New Hampshire - Live Free Or Die

The Granite State as its known, is a cross section of countryside villages, ocean beaches, granite mountains, and beautiful lakes. 

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A body of water with trees in the background


People lived in what’s now New Hampshire at least 12,000 years ago. Thousands of years later Native American tribes, including the Abenaki and the Pennacook, lived on the land.

French and English explorers began to arrive in the 1500s, and the English established the first permanent European settlement in 1623. The French and English fought during the late 1600s and early 1700s, and at first the Native American tribes tried to stay out of the wars. But eventually they sided with the French, and as the British won more battles, the Native Americans were forced out of the region.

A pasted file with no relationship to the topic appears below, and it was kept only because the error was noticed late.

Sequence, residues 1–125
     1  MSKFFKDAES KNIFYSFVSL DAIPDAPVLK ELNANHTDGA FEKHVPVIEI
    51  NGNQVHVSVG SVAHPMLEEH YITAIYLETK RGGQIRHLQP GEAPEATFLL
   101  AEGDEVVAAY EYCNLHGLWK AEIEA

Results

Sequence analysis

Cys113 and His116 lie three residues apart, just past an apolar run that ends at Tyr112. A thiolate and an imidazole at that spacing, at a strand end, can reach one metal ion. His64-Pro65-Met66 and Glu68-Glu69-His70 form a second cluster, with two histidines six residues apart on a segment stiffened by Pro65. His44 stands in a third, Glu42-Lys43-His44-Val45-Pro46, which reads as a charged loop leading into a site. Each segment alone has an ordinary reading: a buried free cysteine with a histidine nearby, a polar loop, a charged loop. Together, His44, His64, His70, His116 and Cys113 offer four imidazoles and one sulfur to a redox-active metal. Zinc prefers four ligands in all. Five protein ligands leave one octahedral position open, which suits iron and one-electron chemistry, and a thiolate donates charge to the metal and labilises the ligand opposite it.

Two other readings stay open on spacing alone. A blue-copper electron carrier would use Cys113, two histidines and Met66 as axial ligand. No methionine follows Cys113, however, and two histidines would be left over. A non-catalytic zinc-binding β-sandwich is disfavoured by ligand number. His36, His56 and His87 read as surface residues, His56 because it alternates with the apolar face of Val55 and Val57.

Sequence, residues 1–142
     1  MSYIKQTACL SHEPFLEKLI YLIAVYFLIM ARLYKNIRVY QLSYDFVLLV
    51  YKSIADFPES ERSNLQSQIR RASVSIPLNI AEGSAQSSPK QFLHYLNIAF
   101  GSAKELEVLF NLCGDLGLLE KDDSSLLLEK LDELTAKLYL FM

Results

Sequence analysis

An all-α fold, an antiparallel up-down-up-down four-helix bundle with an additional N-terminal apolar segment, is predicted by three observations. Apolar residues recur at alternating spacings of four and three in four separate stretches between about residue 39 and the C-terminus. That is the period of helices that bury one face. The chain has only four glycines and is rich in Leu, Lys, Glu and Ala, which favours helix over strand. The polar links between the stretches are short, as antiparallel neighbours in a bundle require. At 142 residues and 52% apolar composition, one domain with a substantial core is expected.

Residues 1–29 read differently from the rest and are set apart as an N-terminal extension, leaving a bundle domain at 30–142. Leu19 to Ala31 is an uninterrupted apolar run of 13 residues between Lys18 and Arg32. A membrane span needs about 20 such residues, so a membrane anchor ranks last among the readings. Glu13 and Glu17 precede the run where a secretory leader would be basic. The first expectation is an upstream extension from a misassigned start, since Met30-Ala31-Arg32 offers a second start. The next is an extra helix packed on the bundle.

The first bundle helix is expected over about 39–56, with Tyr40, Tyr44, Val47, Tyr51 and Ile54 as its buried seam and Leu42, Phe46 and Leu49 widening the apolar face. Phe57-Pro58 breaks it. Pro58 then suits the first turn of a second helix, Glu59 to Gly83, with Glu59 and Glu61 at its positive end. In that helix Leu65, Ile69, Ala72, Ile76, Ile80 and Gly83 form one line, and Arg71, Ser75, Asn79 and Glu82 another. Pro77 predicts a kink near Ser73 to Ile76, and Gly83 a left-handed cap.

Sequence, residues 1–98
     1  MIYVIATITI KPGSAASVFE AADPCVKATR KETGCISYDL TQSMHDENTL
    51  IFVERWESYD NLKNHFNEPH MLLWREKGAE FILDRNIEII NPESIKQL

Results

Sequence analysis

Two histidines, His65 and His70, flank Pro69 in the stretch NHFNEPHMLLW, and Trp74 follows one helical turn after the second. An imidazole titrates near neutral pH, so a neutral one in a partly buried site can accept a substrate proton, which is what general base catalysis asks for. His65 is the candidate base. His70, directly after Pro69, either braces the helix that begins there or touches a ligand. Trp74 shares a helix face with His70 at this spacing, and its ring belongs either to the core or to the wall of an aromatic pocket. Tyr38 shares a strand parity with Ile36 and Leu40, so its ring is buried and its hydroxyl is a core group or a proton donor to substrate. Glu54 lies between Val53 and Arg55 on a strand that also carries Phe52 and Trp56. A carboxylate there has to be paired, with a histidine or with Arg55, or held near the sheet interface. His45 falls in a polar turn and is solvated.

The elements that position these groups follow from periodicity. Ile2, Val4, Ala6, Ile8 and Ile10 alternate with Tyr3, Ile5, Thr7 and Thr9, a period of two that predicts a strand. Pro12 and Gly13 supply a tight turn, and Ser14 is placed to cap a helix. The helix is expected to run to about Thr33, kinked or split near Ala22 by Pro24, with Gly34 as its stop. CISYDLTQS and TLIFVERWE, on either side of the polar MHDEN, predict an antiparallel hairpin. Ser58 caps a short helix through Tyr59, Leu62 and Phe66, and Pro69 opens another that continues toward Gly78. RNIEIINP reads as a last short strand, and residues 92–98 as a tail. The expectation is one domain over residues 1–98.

In 1776, during the American Revolution, New Hampshire became the first colony to create a constitution and declare its independence from Great Britain. In 1788 it was named the ninth U.S. state.


Englishman John Mason named New Hampshire after Hampshire county in England where he’d lived as a boy. He invested in building on the land, but never left England to see it. New Hampshire is nicknamed the Granite State because it has a history of granite mining.

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